Representative Staining of Glial Fibrillary Acidic Protein (GFAP) Using the Anti-GFAP Monoclonal Antibody (AMAb91033)

Immunohistochemical staining of the human cerebral cortex shows strong cytoplasmic positivity in astrocytes.

Figure 4. Immunohistochemical staining of the human cerebral cortex shows strong cytoplasmic positivity in astrocytes.

Immunofluorescence staining of rat hippocampus shows strong positivity of the astrocytes.

Figure 5. Immunofluorescence staining of rat hippocampus shows strong positivity of the astrocytes.

Representative Staining of Myelin Basic Protein Using the Anti-MBP Monoclonal Antibody (AMAb91063)

Immunohistochemical staining of the human cerebral cortex  .

Figure 6. Immunohistochemical staining of the human cerebral cortex shows strong immunoreactivity in myelinated fibers.

Immunofluorescence staining of rat hippocampus shows strong positivity of the astrocytes.

Figure 7.Immunofluorescence staining in the rat cerebral cortex shows strong immunoreactivity in myelinated axons.

Available NSC, Astrocyte, and Oligodendrocyte Markers and Antibodies

Neural Stem Cell (NSC) Markers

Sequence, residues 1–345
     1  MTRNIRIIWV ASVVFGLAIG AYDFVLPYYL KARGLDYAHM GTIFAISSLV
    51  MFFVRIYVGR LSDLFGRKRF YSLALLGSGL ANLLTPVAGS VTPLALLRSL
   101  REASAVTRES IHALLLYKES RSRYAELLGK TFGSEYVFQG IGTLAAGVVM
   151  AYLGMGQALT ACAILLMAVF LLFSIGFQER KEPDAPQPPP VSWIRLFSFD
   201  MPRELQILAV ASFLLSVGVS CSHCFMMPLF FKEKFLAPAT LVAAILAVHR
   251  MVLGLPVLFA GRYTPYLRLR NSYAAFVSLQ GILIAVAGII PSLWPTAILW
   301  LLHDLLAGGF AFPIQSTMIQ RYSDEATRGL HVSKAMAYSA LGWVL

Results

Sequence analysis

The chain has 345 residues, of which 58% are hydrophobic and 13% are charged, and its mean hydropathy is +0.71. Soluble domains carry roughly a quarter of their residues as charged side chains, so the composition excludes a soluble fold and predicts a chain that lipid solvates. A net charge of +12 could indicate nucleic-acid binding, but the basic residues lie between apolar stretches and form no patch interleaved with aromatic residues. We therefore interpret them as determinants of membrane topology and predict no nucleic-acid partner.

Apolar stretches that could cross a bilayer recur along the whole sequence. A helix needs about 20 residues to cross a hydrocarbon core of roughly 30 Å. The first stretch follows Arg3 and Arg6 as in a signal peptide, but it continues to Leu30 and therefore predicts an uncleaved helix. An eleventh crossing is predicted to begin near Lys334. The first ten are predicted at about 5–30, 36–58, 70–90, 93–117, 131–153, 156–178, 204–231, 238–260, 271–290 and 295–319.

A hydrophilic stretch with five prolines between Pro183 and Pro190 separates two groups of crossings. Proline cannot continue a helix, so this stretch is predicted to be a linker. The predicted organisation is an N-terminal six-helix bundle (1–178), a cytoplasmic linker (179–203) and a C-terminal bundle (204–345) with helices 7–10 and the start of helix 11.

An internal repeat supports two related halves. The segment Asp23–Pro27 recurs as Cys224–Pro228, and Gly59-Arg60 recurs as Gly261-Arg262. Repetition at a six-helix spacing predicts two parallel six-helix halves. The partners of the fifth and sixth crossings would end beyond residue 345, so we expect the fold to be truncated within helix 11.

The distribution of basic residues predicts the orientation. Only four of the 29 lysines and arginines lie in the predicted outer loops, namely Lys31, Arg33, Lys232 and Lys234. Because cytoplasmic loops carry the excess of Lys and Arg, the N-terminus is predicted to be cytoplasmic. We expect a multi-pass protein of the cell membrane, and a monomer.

Neuronal Stem Cell Markers

Astroglial Markers

Neuronal Stem Cell Markers

*Products with enhanced validation for the indicated application

For Research Use Only. Not for use in diagnostic procedures.

Unless otherwise stated in the Product(s) specifications, any Antibody product is sold for internal research use only and may not be used for any other purpose, which includes but is not limited to, any commercial, diagnostic, or therapeutic use. Our validation processes pertain only to research uses and do not confirm or assure that our antibodies can be used for any unauthorized uses as set forth herein.

References

1.
Kempermann G, Gage FH. 1999. New Nerve Cells for the Adult Brain. Sci Am. 280(5):48-53. http://dx.doi.org/10.1038/scientificamerican0599-48
2.
Christian KM, Song H, Ming G. 2014. Functions and Dysfunctions of Adult Hippocampal Neurogenesis. Annu. Rev. Neurosci.. 37(1):243-262. http://dx.doi.org/10.1146/annurev-neuro-071013-014134
3.
Hsieh J. 2012. Orchestrating transcriptional control of adult neurogenesis. Genes & Development. 26(10):1010-1021. http://dx.doi.org/10.1101/gad.187336.112
4.
Berg DA, Belnoue L, Song H, Simon A. 2013. Neurotransmitter-mediated control of neurogenesis in the adult vertebrate brain. Development. 140(12):2548-2561. http://dx.doi.org/10.1242/dev.088005
5.
Kunze A, Congreso MR, Hartmann C, Wallraff-Beck A, Huttmann K, Bedner P, Requardt R, Seifert G, Redecker C, Willecke K, et al. 2009. Connexin expression by radial glia-like cells is required for neurogenesis in the adult dentate gyrus. Proceedings of the National Academy of Sciences. 106(27):11336-11341. http://dx.doi.org/10.1073/pnas.0813160106